Refreshing a century-old floor: Summer Sacristy Renovations
Restoration specialists from Saint Paul Linoleum and Classic Marble Restoration spent a few weeks in the sacristy replacing the floor tiles and restoring the green marble accents. An old storage cabinet has also been removed to create more open seating before major events. Click here to read a project update note from Fr. Ubel.
Patrons and sponsors of last year’s Cathedral Festival of Light’s gala raised the funding for these improvements. Thank you for your continued support of restoring and maintaining this world-class treasure for the generations to come.
The sacristy sits at the back of the Cathedral, behind the sanctuary. It houses all the elements needed for the celebration of the Cathedral’s ceremonies, including sacred vessels, vestments, and liturgical books. The sacristy also contains several historic processional crosses and croziers, including Archbishop John Ireland’s, still used today for major celebrations more than a century later.
Remembering St. Rose of Lima Feast Day August 23
The letters of Msgr. George Ryan reveal his dedication to the embellishment of the Cathedral. He suggested the saints imaged in the rose windows and supervised Connick’s designs. The south rose window is brilliant with the images of eight saints who practiced the Beatitudes. Among them is St. Rose of Lima, the first person born in the Americas to be canonized, the exemplar of those who suffer persecution for justice’s sake.
As a young woman, Rose had a vision of Mary, who called her the “Rose of Saint Mary.” Believing that God had made her a “little” person, Rose did what she considered “little” things. She became a Third Order Dominican, dedicating herself to small acts of penance and spent hours contemplating the Blessed Sacrament, which she received daily, a rare practice in that period.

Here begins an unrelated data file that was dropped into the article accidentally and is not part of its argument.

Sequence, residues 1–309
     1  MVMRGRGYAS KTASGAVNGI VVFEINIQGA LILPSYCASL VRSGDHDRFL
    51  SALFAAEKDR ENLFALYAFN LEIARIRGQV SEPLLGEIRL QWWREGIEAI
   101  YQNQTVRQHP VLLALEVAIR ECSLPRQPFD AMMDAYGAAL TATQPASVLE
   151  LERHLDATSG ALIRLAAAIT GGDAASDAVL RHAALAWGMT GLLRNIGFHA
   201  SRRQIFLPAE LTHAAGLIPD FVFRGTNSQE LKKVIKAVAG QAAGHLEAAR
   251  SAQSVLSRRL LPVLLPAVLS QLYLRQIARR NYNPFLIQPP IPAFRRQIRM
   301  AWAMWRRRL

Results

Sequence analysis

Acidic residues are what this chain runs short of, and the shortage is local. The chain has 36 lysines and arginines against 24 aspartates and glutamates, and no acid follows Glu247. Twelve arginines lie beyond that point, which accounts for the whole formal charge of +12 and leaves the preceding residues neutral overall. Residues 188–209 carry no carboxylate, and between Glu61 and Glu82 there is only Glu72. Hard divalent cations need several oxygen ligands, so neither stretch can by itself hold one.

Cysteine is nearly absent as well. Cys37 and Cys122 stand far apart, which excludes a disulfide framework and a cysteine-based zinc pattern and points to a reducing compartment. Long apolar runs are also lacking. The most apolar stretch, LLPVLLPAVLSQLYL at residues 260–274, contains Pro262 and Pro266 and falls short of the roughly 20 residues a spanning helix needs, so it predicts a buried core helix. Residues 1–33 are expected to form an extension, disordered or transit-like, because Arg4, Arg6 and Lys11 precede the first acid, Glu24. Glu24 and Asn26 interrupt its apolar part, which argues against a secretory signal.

Inspired by her visions, she took a vow of virginity, an action strongly opposed by her parents. Unmoved by their opposition, Rose remained faithful to her vow. Finally, out of frustration, her father gave her a room to herself in the family home. Though she spent a large portion of her day in prayer, she also spent time planting and cultivating a garden, where she grew flowers that she sold to help the poor, the sick and the hungry.
As always, we welcome your donations. Click here to learn more about our Mission to preserve the Cathedral as a world-class treasure. And please share this newsletter with others who may be interested in supporting our foundation. To add an email to our list, contact [email protected]
Thank you for your support!